Top 4 things to do in Downtown Los Angeles
1. Hunting for Street Art in Downtown LA
There is nothing that brings a smile to my face like spotting a work of art in a place you least expect- the otherwise seedy parking lot, a lonely alleyway, or the back exit of a restaurant or shop. Downtown Los Angeles has artistic surprises for you in the most mundane streets, making it infamously instagramable. I spent an entire day walking the alleyways of downtown LA; got lost, got scared, got found, got surprised, and loved every moment of my quest to find works of art sometimes hidden in plain sight- so much so, that you would miss it if you weren’t looking to find it! So take a day off to get lost in the world, only to find yourself again in the creative expressions of a stranger.
2. Walk down El Pueblo- Mexican Heritage in Downtown Los Angeles
Cross the street from Union Station, and you have stepped out of California, and into a quaint Mexican town, El Pueblo de Los Angeles, steeped in SoCal History and brimming with Mexican culture.
Olvera Street is lined with colourful shops with vendors enticing you with their exotic wares, most of which are imported from Mexico. A stroll through the busy marketplace abuzz with Spanish music and effusive conversations, the wafting heady scents of freshly fried churros and barbecued meat, and the tinkling of margarita glasses makes you forget that you are in the heart of Los Angeles.
The Avila Adobe, built in 1818, is the oldest house in LA that is still in its original location. A FREE tour of the beloved California Historic Landmark house takes you back in time to the 19th century with its large open rooms, dark wood tables, candelabras, and ornate crosses.
How to Get to El Pueblo Los Angeles:
Take the Metro to Union Station
3. Go up to the FREE observation deck at City Hall for a view of Downtown LA
The walk to City Hall from El Pueblo is short, but the gradual change in landscape and architecture is arresting, yet poignant. Gone are the cobbled streets of Olvera Street, and the mariachi music making you want to sway and dance all on your own. Gone are the deep-set, round arched windows and doors of Pico House, and the ornate and whimsical gazebo of Los Angeles Plaza Park.
Now, the dance is a prance to the changing lights of the traffic signal, the angry honks, and screeching tyres of the passing cars.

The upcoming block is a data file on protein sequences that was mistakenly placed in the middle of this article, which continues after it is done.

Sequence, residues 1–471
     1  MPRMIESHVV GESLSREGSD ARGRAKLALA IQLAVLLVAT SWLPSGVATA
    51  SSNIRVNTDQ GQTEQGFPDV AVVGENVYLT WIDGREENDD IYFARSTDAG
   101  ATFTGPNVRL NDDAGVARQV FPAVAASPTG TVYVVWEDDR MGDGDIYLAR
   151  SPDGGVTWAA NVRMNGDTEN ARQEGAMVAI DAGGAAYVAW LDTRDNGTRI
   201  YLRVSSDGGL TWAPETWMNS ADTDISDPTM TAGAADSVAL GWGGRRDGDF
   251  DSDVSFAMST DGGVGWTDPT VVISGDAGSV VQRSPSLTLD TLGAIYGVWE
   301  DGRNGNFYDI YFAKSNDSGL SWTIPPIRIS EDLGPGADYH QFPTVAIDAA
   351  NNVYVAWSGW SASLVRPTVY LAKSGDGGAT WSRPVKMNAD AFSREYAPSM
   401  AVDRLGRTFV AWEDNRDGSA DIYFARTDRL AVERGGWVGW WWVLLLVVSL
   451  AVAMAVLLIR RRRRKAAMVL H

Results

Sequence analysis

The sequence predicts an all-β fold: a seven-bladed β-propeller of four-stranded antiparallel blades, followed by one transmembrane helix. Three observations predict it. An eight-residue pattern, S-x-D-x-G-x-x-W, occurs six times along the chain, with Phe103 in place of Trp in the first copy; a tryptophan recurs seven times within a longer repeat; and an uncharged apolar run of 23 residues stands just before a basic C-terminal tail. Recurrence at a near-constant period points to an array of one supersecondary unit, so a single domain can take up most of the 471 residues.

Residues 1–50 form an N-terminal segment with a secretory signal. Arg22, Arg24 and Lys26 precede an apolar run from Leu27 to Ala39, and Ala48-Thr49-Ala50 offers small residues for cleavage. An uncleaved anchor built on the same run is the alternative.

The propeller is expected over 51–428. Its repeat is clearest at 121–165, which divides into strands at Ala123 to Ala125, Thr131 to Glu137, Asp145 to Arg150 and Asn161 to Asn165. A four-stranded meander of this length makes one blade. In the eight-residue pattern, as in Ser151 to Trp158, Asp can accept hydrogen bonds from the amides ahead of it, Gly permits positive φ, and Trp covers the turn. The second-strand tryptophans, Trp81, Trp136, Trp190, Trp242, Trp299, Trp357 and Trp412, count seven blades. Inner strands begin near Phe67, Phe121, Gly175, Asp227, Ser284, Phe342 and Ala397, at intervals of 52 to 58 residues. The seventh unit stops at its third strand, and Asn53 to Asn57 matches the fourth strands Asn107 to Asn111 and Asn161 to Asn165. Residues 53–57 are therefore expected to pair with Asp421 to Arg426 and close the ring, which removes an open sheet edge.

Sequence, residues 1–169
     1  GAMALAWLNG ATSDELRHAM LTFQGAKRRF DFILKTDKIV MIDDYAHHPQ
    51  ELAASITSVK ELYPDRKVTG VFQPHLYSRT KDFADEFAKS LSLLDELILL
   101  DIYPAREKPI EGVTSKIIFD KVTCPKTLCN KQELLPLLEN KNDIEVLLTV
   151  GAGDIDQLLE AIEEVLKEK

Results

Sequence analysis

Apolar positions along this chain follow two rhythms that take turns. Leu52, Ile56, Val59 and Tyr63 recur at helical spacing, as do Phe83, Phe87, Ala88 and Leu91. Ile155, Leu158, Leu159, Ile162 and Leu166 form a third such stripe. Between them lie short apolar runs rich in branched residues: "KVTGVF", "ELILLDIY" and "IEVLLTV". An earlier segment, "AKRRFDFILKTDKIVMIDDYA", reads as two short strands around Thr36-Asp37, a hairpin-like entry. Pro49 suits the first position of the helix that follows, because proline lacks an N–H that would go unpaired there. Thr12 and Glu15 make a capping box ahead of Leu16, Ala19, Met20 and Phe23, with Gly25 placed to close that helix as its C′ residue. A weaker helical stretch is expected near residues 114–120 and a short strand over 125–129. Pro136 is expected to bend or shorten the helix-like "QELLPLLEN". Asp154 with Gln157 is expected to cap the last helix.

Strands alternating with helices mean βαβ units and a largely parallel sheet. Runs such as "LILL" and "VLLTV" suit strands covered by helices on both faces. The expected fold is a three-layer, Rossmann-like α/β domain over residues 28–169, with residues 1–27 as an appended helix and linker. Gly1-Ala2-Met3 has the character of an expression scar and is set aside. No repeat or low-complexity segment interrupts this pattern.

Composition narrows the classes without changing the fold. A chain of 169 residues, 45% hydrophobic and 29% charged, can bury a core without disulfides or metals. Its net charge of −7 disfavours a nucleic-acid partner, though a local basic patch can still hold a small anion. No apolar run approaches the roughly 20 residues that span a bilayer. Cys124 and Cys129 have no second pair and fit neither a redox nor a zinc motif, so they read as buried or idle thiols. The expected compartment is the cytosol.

And then, as though cutting through the lights and sounds of the city, you see the majestic Los Angeles City Hall, standing tall at 454 feet. The noise of urbanization melts away as you ascend the elevator to the FREE observation deck on the 27th floor. The all-seeing bird’s eye view of downtown LA is a great getaway from the world down below. I went back down refreshed and with a clear head, ready to take on the world, yet again.
3 Top Tips for your visit to City Hall Los Angeles
1. You have to pass through a metal detector and put your things through a scanner – airport style.
2. They ask for a photo ID, and present you with a VISITOR sticker, which you have to have on you till you exit the building.
3. Take the Express elevator to the 22nd floor; change to another elevator to ride up to the 26th floor. Finally, take the stairs up to the 27th floor Observation Deck.
4. Explore contemporary art at The Broad
A contemporary art museum that is a work of art in itself, with its honeycomb-like structure; it piques your interest and almost draws you inside. Riding the escalator up to the gallery, not knowing what to expect, (and maybe already deciding to take a quick tour of the place and head out) you are greeted with a BANG! POP! SPLASH! of colourful art installations, and art so vibrant, that it just takes your breath away!
The best art installations at the Broad
1. Jeff Koons’ stainless steel ‘Tulips’ makes the word ‘vibrant’ seem understated and will captivate even the colour blind.
2. Making the perfect backdrop for the ‘Tulips’ is the intricate, colourful, yet thought provoking 82 ft piece by Takashi Murakami, ‘ In the Land of the Dead, Stepping on a Tail of a Rainbow’. The cartoonish depiction of the spiritual landscape post natural disasters like the 2011 Tohoku earthquake and tsunami in Japan, is a beautiful cornucopia of colours at a distance, but almost eerie up close.
3. Other standouts for me were Andy Warhol’s ‘Two Marilyns’ which depicts the fall from fame of the celebrated actress, by silkscreening her portrait onto a linen canvas; and the ‘Campbell Soup Series’ which turned the everyday, back of the cupboard soup tin into a celebrated work of art.
4. Anselm Kiefer’s chilling depiction of the Third Reich’s reign, and the transitory spiritual heroes of Germany, in ‘Deutschlands Geisteshelden’ are reminiscent of the atrocities of the time.
As a novice contemporary art fanatic, I myself am surprised that I remember so much about the pieces at the Broad. It is all thanks to the most vivacious, passionate guide, Trinity Singer, whose vibrant rendition brings the artwork to life for the non-afficionado. Unfortunately, she has recently left the Broad for greener pastures. I am sure she will be missed!
2 Top tips for your trip to the Broad Museum
1. Entry to the Broad is FREE. Get there early as lines may be long.
2. There are free museum tours that will help you understand the unusual yet beautiful artwork that's on display. Check online or at the museum when you get there for the next free tour.
Follow me to Venice Beach & Santa Monica Pier in Part 3.